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The Scoreboards That Government’s Front-Line Workers Need

To improve processes, it's crucial for everyone to be able to see how they're doing in real time.

Imagine watching a basketball game or playing a round of golf and having to wait a month to learn the score. To say the least, it wouldn't be much fun. The power of playing with a scoreboard or a scorecard is its real-time feedback and its motivational power.

As the movement toward managing for results continues to expand across government, it doesn't take an Einstein to figure out that getting performance measures front and center is an essential tool for engaging employees to improve their work processes. If people can't see how they are doing in real time -- how well their processes are working -- how can they make adjustments to improve the end result? If they can't manage their work, all they can do is wait for the inevitable surprise to pop up. And we all know how welcome surprises are in the world of government.

The foundation of public-employee engagement is a sense of connection to the organization's mission and citizen outcomes. Genuine engagement occurs when employees have an ongoing "line-of-sight" connection between what they do every day and what the organization is working to accomplish.

Take, for example, the always challenging problem of reducing the time it takes for citizens and businesses to get government permits. A specific improvement goal, say 30 percent, makes it necessary for everyone involved in issuing permits to measure the cycle from start to finish.

In the departments of every governmental entity that issues permits there is likely a software program or database already in existence that tracks how long the process currently takes. But too often that important data is rolled up into some obscure management report that periodically shows up on someone's desk. If it's in a report that goes to someone, then someone must be managing it, right? Not necessarily so. In fact, unlikely.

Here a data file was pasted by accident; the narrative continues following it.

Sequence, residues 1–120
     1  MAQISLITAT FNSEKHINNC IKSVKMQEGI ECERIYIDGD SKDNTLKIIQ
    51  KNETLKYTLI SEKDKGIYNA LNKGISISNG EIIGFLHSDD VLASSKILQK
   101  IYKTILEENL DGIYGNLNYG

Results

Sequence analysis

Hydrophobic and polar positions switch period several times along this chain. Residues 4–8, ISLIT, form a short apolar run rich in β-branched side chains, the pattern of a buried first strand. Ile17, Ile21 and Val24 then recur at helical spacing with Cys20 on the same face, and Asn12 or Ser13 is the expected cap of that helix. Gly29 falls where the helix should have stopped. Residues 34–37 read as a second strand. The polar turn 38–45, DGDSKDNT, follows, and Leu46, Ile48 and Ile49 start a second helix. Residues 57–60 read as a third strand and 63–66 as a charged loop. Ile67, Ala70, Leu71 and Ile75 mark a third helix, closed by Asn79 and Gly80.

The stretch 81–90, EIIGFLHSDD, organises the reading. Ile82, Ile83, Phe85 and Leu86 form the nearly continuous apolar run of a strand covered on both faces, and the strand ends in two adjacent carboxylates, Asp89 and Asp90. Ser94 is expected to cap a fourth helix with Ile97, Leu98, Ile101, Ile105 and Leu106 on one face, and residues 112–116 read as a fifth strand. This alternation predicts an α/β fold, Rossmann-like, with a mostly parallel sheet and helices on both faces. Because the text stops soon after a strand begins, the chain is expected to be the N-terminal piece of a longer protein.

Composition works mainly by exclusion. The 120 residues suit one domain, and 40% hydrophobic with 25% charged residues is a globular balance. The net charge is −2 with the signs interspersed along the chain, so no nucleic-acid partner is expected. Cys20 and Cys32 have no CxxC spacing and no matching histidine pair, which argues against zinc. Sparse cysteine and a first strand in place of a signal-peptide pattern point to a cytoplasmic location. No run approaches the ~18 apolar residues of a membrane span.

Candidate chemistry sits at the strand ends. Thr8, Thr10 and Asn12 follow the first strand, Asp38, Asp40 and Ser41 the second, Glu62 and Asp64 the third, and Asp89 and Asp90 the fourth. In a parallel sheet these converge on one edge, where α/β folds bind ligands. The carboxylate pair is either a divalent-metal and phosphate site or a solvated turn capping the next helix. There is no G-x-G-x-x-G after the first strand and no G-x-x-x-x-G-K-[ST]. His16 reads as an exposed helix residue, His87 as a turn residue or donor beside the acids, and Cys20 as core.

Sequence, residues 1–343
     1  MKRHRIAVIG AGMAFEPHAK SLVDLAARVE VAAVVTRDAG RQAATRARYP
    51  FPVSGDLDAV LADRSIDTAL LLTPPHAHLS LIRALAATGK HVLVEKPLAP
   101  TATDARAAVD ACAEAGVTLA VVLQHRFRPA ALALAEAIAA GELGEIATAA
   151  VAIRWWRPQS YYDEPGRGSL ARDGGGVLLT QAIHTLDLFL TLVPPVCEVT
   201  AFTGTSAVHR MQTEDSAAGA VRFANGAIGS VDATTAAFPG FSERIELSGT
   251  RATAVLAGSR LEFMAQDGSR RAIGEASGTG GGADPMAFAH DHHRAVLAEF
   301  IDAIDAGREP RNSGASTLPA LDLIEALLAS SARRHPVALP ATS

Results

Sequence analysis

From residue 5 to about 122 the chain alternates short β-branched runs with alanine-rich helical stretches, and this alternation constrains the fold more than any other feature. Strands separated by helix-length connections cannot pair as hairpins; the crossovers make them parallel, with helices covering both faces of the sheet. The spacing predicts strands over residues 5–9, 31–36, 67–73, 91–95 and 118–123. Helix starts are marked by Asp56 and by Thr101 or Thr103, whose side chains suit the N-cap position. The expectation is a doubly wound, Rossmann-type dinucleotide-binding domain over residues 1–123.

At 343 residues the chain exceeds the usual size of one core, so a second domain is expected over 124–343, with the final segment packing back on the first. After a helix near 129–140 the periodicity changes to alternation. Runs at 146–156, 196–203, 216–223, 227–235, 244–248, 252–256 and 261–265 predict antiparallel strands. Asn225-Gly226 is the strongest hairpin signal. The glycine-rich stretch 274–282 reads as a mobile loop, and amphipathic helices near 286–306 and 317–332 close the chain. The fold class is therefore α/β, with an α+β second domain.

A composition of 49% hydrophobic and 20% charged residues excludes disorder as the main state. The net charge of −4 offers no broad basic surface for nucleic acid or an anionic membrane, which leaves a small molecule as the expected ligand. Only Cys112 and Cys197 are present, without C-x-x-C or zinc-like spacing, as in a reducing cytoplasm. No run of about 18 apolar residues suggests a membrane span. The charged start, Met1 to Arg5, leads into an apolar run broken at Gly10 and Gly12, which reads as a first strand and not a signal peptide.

Early in my career I managed a manufacturing plant, and once a week someone brought me a six-inch set of computer printouts for my reading enjoyment. I was hard pressed to find anyone else who looked at those reports. As it turned out, some of the information in those big reports was actually quite useful. To use data to manage, I focused on getting visible measures up in every department on whiteboards that were updated at least daily. Until we put the information on a whiteboard, the people who actually managed the work, the people on the front line, never saw it.

To accelerate results-driven government, we need to get the data in front of the people who do the work. Those front-line workers should be entering their own performance information as a part of a healthy accountability process -- the first step in engaging employees in improving the work they do. And in addition to seeing the results, employees need the authority and skills to improve their processes.

For the many local and state governments implementing Lean or similar process-improvement systems, visual management is one of the core management practices. "Huddle boards" -- scoreboards posted in the workplace -- are a popular and growing practice intended to bring the data out of computer-generated reports and into view by the work team to inform and inspire action.

Governments are just beginning to leverage cloud-based applications and other technology to manage performance data and make it visible on everyone's desktop in real time, an even better solution than huddle boards. More and more, agency leaders, managers and front-line employees are embracing the power of such tools. Not only do they enable work teams to see how they are doing against their targets, but they make it possible to quickly identify workload issues and bottlenecks, see how effective process changes are, understand what customers are experiencing, and prioritize their process improvement efforts.

With the data visible, a team can immediately make adjustments to improve its performance. Like in a game of basketball or a round of golf, data that is visible in real time -- rather than at the end of the month -- gives everyone a chance to improve.

Senior fellow, Governing Institute
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